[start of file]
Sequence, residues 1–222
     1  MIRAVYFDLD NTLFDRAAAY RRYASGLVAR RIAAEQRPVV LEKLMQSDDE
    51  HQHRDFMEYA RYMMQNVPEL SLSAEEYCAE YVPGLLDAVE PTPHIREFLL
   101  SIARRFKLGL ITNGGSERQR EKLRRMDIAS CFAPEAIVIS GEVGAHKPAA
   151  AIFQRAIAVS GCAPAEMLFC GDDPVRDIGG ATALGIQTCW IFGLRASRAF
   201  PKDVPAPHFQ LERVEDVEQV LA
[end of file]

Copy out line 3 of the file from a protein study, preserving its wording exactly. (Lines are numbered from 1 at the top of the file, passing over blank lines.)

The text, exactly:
    51  HQHRDFMEYA RYMMQNVPEL SLSAEEYCAE YVPGLLDAVE PTPHIREFLL